> circadian rhythm?  I forget.)

It's been quite a while since I was familiar with the intricacies of the
various biological rhythms. I covered this in ecology, but it was in an
abnormal psych course where I wrote a paper on this stuff. Basically, as I
recall, it was photons incident on the retina which triggger some
neurochemical cascades involving both the suprachiamsatic nucleus of the
hypothalamus and the pineal gland (heavy hand waving here :-)). It all
centers on the level at which melatonin is being enzymatically produced (via
an indole pathway) in the pineal.

Biological rhythms might have a stricter control on the psychophysiological
processes of other species, and just like pheromones, I'd ask whether this is
as important in humans anyway.

Of course SAD is an issue. I recall the use of light banks for 15 minutes in
the morning as a means of ameliorating the symptoms of SAD. It's been so long
since I've read about the circadian rhythms that I'm sure all my info is
somewhat out of date.

As far as your mention of the light spot on the head, I think some squamates
(either snakes or lizards) have a "third eye" which is apparent from a slight
discoloration on top of the head. I'm not sure how widely this trait spreads
through the reptiles.

> In <7nq0ut$rp5$1 at nnrp1.deja.com> *Hemidactylus*
> <hemidactylus at my-deja.com> writes:
> >
> >In article <19990725205613.06206.00001365 at ng-fu1.aol.com>,
> >  holson1000 at aol.com (Howard Olson) wrote:
> >> >Does anyone know if reconstruction of the nasal pathways (a nose
> job) would
> >> >typically damage or destroy the Vomeronasal Organ (VNO)?
> >> >
> >> >Thanks.
> >>
> >>   It would obviously depend on the extent of the surgery. But the
> real problem
> >> is the fact that many medical experts did not believe in a human VNO
> until it
> >> was proven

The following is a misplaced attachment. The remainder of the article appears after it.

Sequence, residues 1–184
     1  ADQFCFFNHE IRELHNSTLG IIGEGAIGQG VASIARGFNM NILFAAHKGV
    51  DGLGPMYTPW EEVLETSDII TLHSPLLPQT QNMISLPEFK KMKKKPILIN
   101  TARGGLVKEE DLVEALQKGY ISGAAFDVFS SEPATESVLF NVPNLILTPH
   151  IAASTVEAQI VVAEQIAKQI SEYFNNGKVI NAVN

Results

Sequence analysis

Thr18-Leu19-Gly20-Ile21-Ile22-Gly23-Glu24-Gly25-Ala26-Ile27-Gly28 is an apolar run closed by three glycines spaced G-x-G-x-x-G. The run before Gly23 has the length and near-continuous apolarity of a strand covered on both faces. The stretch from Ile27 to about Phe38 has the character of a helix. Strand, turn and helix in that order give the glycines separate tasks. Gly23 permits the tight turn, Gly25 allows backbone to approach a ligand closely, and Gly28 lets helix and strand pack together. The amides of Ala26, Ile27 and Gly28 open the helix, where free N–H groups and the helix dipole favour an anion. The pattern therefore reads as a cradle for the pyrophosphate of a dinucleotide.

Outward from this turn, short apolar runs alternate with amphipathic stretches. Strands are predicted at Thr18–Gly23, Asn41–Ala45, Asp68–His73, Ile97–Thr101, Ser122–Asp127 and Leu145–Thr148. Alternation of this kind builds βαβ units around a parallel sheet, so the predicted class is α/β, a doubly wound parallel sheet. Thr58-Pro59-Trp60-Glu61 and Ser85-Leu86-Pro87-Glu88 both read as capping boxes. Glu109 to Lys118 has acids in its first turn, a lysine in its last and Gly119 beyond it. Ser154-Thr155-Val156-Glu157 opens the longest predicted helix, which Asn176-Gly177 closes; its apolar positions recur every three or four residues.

> >> that humans did have pheromones like the axillary androgens. Hope
> that
> >> helps.....
> >>
> >>
> >
> >One question I've had, which come from something I picked up in a
> comparative
> >anatomy class, is whether humans have cranial nerve O (aka the
> terminal
> >nerve). I think, if memory serves me correctly, the terminal nerve is
> >developed in elasmobranchs but that there is controversy over whether
> such a
> >cranial nerve exists in mammals or humans especially. This might fit
> in with
> >the VNO / pheromone issue. I've had a literature search on menstrual
> synchony
> >on the backburner, so I should motivate myself to explore this
> interesting
> >issue (ie- pheromones and human physiology/behavior).
> >
> >The terminal nerve question really eats at me though, since I'm
> interested in
> >things that are conserved in evolution (ie- homologies). Do we share
> this
> >cranial nerve O feature with our elasmobranchian fellow vertebrates or
> has
> >our "lineage" (sic) abandoned this.
> >
> >--
> >Scott Chase
> >
> >
> >Sent via Deja.com http://www.deja.com/
> >Share what you know. Learn what you don't.

Scott Chase

Sent via Deja.com http://www.deja.com/
Share what you know. Learn what you don't.